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Auto Enthusiasts Want to Block Potential Toll Roads in Arizona

An example of an HOT lane on Interstate 15 in Utah.
An example of an HOT lane on Interstate 15 in Utah.
CountyLemonade via Flickr

A group of automotive enthusiasts is trying to prevent any roads and highways in the state from becoming toll roads.

Additionally, the proposed ballot initiative submitted by the group targets plans for potential toll lanes on highways, which would allow solo drivers to pay to use the carpool lane.

Such lanes are used in other states, but the Arizona Automobile Hobbyist Council filed an application for an initiative, in an attempt to prevent that from happening here.

The initiative would prevent "existing publicly funded or maintained roadways" from being turned into "any form of toll roads."

The organization has until July 3, 2014, to collect 259,213 signatures in order for the proposal to appear on voting ballots.

The Maricopa Association of Governments has already been studying potential "high-occupancy/toll" lanes, also known as "HOT lanes."

There are a lot of variables involved, like one option to convert the current HOV lanes on Valley highways into HOT lanes, or another option of adding an HOT lane in addition to the existing HOV lane. Also, they have to consider hours of operation, prices, and benefit, among other things.

A pair of researchers at Arizona State University have been studying the issue for some time now, and have a short paper explaining how the lanes, in general, can be beneficial.

It kind of reads like a lengthy SAT question, but check out the basic math, assuming a 25-mile freeway, with one HOV lane being converted into an HOT lane, using average transportation stats from government research:

"The worst congestion in the general-purpose lanes occurs between 5 and 6 p.m., when the flow rate is about 2,600 vehicles per hour (vph) per lane. The capacity of a freeway lane is considerably less at about 2,200 vph per lane. At this flow rate, the travel time on this 25-mile section will be about 60 minutes at an average speed of approximately 25 mph. The corresponding speed and travel time on the HOV lane during this same hour are 70 mph and 21 minutes respectively at a flow rate of about 900 vph. If the value of travel time savings is taken to be $15 per hour (i.e., people are willing to pay a quarter for every minute that is shaved off their travel time), then a $1 toll is worth paying as long as using the HOV (converted to HOT) lane saves the solo driver 4 minutes or more. As soon as the travel time differential between the HOT lane and the general purpose lane falls below 4 minutes, paying the toll and switching to the HOT lane is no longer worth it. Based on this reasoning, after a HOV lane is converted to a HOT lane, the traffic flow between 5 and 6 pm would be redistributed such that the HOT lane carries 2,100 vph and the general purpose lanes carry 2,200 vph per lane. In other words, about 1,200 vehicles have switched from the general purpose lane to the HOT lane and are now paying a toll. The new travel times would be 30 minutes on the HOT lane and 34 minutes on the general purpose lanes. This analysis can be repeated for all hours of the day, keeping in mind that the HOT lane would be operational during the hours of 6- 9 am and 3-7 pm and would be a general purpose lane during all other hours.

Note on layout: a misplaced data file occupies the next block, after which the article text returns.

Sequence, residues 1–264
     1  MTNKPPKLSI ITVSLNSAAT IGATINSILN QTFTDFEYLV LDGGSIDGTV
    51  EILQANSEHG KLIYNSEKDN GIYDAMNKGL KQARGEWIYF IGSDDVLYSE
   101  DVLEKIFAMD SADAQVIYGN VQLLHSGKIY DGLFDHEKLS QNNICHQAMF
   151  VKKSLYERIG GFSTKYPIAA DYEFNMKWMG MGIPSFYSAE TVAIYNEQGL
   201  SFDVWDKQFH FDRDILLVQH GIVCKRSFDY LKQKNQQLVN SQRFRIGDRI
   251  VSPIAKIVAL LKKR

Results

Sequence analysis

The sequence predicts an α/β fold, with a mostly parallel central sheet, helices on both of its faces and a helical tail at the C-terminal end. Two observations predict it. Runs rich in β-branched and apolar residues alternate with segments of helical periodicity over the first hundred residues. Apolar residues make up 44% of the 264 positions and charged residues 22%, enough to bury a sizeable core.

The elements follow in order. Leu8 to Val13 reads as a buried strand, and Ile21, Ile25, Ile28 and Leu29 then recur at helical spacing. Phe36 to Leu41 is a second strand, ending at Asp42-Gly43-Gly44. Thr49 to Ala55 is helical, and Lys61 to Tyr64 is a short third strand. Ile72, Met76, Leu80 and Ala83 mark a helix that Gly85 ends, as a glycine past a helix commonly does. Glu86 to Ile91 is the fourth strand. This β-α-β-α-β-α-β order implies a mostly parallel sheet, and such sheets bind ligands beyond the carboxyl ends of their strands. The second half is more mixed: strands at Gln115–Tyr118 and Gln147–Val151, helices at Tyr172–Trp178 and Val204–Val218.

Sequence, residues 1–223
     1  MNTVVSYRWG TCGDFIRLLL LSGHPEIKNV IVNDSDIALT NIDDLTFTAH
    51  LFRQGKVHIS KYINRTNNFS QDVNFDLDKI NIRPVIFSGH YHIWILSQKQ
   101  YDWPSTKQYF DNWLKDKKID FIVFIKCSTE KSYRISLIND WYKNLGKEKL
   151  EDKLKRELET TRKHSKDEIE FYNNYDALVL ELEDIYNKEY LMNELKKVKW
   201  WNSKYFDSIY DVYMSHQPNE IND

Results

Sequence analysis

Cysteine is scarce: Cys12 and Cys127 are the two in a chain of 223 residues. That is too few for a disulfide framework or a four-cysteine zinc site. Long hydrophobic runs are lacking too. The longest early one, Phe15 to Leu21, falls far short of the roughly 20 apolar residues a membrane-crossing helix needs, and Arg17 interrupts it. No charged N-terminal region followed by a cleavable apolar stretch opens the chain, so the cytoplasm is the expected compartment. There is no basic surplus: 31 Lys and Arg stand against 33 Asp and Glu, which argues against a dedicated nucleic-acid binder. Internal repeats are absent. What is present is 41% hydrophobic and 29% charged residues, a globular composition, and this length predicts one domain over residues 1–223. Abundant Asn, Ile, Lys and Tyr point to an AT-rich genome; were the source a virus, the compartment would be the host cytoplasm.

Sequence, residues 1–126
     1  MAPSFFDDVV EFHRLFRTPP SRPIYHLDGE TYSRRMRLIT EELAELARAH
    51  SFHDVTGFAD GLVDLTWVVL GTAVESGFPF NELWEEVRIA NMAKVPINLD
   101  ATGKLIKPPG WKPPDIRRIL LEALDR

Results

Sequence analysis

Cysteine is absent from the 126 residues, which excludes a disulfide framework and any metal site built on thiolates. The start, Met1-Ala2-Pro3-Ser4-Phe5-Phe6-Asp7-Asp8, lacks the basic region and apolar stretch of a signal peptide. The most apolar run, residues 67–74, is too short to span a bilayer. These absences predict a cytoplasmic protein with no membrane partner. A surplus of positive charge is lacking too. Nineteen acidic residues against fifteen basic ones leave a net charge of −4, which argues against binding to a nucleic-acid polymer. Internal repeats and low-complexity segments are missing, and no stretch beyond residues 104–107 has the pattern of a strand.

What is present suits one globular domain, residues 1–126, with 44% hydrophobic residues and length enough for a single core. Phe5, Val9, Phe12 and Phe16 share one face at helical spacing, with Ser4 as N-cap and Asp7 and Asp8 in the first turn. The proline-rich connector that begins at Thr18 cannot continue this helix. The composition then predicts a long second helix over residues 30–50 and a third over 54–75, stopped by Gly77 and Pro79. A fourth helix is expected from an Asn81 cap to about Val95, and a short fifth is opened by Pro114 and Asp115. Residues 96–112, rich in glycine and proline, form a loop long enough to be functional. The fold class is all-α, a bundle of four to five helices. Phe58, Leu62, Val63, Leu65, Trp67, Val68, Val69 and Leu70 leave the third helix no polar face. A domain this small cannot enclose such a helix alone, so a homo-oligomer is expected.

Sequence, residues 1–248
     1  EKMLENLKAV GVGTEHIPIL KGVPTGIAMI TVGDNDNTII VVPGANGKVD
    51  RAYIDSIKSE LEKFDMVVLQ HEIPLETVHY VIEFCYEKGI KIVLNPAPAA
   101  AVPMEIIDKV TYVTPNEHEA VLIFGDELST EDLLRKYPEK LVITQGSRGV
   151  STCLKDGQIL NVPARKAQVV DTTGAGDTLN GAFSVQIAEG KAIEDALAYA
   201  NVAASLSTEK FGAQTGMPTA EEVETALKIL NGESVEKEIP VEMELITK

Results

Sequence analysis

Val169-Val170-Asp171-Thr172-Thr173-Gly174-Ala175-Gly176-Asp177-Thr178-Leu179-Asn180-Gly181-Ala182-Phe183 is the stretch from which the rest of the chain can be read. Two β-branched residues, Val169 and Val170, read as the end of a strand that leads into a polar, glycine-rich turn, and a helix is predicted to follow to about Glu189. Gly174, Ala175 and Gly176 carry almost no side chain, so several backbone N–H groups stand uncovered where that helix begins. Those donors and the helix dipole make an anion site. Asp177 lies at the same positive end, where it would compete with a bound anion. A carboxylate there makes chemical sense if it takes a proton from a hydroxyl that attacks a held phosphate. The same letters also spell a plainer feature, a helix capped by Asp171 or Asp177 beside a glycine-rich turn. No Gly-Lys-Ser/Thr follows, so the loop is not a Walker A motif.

Once we add up all of the numbers, here is what we find. The HOT lane conversion on this 25 mile stretch of freeway results in a total daily time savings of 6,800 vehicle-hours or about 1.7 million vehicle-hours annually. Valued at $15 per hour, this time savings may be viewed as being worth $25.5 million annually. This is equivalent to an average time savings of 4 minutes worth $1 for each individual vehicle-trip on this 25 mile stretch of freeway. Meanwhile, the HOT lane itself is generating a revenue of $2,700 per day or $675,000 per year, probably enough to operate and maintain the high-speed electronic toll collection (ETC) systems required of HOT lanes. All of these numbers will get multiplied over depending on the total lane-miles of HOV to HOT lane conversion.

Although it may seem like a good plan to the researchers, there are obviously some issues with it, if a group of people wants Arizona voters to block the plans.

For one, the Maricopa Association of Governments notes on its website that, "Arizona House Bill (HB) 2396, passed by the Arizona Legislature and signed by Governor Brewer on July 13, 2009, enables the state, through the Arizona Department of Transportation (ADOT), to consider the use of Public-Private-Partnerships (P3) as a tool for financing transportation infrastructure in Arizona."

That means there's a corporation that stands to make money off the proposed HOT lanes.

Here's a brief explanation of the objection to the lanes from the Arizona Automobile Hobbyist Council:

Our purpose is to shine a HUGE light on the fact that some in our legislature are planning with outside interests to bring TOLL ROADS to AZ in the very near future. A toll is just another tax, and we already pay one of the highest state gas taxes to maintain our roads in the country. Our state tax, added to the Federal gas tax, provides plenty of money to maintain our roadway system. The trouble is our government officials looks to the tax for other purposes. The more they tax, the more they spend.

To check out the Arizona Automobile Hobbyist Council's petition, click here.

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Follow Matthew Hendley on Twitter at @MatthewHendley.


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